Amazon Description: In the depths of the Maine woods, the wreckage of an aeroplane is discovered. There are no bodies, and no such plane has ever been reported missing, but men both good and evil have been seeking it for a long, long time. What the wreckage conceals is more important than money: it is power. Hidden in the plane is a list of names, a record of those who have struck a deal with the Devil. Now a battle is about to commence between those who want the list to remain secret and those who believe that it represents a crucial weapon in the struggle against the forces of darkness.
The race to secure the prize draws in private detective Charlie Parker, a man who knows more than most about the nature of the terrible evil that seeks to impose itself on the world, and who fears that his own name may be on the list. It lures others too: a beautiful, scarred woman with a taste for killing; a silent child who remembers his own death; and the serial killer known as the Collector, who sees in the list new lambs for his slaughter.
But as the rival forces descend upon this northern state, the woods prepare to meet them, for the forest depths hide other secrets.
Someone has survived the crash.
Some thing has survived the crash.
And it is waiting . . .
The Kings of Cool
With the same sparse writing style that sparked life into Savages in The Kings of Cool we step back in time to when Ben and Chon first got involved with the drugs trade and even further to their predecessors. It also contains references to a number of other characters from Winslow’s previous work including Bobby Z and Frank Machianno aka Frankie Machine from The Winter of Frankie Machine (Amazon UK) (funnily enough spellcheck tried changing that to “macho ammo” which does convey the right general impression!). A nice interweaving of characters from his other works with a few unexpected surprises but the overall impression conveyed is rather low key. For a fan like me you’ll appreciate this one but newcomers may be best served starting into Winslow’s body of work elsewhere. Like the aforementioned Connolly, my rating is also 8 out of 10 (and again I should include a disclaimer that I may as a fan be inclined to be more generous than usual).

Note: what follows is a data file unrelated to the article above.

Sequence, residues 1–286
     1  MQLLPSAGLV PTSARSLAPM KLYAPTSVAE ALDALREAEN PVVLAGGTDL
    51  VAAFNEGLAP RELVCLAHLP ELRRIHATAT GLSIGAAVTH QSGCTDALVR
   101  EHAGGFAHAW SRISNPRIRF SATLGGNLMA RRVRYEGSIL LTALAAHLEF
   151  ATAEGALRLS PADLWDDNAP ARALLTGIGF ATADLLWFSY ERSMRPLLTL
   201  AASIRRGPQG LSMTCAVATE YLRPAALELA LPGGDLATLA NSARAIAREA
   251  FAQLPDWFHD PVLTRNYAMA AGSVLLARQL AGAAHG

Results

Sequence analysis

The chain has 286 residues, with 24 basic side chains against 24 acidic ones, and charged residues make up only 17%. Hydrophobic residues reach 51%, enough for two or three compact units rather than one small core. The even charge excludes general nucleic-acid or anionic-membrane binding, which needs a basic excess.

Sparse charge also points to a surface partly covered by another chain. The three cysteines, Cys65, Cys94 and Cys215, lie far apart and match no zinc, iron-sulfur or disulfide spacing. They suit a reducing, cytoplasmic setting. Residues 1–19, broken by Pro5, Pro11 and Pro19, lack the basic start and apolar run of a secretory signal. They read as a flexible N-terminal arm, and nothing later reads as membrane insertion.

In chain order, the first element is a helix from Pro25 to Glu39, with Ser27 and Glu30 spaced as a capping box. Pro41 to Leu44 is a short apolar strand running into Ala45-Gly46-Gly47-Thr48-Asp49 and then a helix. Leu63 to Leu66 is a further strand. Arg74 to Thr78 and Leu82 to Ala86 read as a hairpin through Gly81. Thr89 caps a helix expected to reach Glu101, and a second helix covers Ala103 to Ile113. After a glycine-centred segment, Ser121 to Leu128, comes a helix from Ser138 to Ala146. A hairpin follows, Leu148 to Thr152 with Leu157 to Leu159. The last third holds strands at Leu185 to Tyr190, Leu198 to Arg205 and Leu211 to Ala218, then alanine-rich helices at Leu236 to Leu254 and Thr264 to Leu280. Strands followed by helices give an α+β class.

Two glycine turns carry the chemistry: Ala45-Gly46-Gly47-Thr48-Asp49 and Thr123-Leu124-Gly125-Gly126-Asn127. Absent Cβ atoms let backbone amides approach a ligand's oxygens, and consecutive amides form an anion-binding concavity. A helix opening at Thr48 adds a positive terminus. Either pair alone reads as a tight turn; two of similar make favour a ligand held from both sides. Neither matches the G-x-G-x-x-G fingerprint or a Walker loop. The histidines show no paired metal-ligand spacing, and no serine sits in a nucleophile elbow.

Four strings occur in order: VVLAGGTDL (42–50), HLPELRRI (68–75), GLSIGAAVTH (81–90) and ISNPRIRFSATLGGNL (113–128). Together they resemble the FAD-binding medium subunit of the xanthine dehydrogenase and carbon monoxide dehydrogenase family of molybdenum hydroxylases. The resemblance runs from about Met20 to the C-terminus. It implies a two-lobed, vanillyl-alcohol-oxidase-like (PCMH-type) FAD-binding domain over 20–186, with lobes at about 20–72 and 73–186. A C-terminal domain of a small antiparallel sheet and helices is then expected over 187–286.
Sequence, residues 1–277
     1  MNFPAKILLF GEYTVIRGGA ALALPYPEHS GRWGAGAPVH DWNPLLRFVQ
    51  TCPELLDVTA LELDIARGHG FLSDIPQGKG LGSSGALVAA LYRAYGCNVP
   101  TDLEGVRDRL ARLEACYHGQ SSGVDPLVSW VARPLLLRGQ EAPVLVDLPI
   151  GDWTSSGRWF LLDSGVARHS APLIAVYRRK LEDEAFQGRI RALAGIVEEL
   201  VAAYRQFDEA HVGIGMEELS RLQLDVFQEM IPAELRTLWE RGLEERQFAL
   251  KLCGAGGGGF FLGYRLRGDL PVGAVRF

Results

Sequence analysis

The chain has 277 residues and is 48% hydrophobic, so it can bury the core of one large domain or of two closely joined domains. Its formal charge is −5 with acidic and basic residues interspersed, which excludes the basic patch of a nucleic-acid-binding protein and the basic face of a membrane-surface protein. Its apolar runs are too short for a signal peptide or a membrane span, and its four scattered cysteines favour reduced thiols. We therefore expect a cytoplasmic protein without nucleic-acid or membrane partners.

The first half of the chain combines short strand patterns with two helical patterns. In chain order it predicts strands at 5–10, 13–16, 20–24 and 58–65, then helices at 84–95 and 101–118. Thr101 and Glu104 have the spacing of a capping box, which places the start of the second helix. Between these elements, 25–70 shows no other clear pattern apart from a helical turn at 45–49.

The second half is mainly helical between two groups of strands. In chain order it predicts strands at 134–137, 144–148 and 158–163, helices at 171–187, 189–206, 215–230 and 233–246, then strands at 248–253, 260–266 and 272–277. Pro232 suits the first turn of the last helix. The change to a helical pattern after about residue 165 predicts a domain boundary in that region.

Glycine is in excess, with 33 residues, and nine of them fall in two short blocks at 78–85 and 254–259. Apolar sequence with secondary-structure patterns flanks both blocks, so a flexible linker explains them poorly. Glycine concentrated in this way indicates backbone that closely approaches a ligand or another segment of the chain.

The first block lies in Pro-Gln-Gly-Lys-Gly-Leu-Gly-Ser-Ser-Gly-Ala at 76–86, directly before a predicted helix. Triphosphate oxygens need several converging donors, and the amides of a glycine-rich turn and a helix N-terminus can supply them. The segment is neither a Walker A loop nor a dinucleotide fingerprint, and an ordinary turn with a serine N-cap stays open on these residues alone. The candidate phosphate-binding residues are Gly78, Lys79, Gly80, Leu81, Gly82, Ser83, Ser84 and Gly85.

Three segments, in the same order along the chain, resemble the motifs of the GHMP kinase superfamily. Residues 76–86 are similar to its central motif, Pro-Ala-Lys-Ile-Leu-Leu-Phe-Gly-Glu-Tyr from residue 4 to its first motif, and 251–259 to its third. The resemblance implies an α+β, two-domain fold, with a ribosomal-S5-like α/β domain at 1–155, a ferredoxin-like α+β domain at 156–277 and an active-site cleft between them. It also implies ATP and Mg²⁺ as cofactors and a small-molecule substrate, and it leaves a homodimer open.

Amazon Description: In Savages, Don Winslow introduced Ben and Chon, twentysomething best friends who risk everything to save the girl they both love, O. Among the most celebrated literary thrillers in recent memory, Savages was a Top 10 Book of 2010 selection in the New York Times, Entertainment Weekly and in publications around the world.
Now, in his high-octane prequel, Winslow reaches back in time to tell the story of how Ben, Chon and O became the people they are. Spanning fifty years, from 1960s Southern California to the recent past, it is a tale of family in all its forms – fathers and sons, mothers and daughters, friends and lovers. As the younger generation does battle with a cabal of drug dealers and crooked cops, they come to learn that their future is inextricably linked with their parents’ history. A series of breakneck twists and turns puts the two generations on a collision course, culminating in a stunning showdown that will ultimately force Ben, Chon and O to choose between their real families, and their love for each other.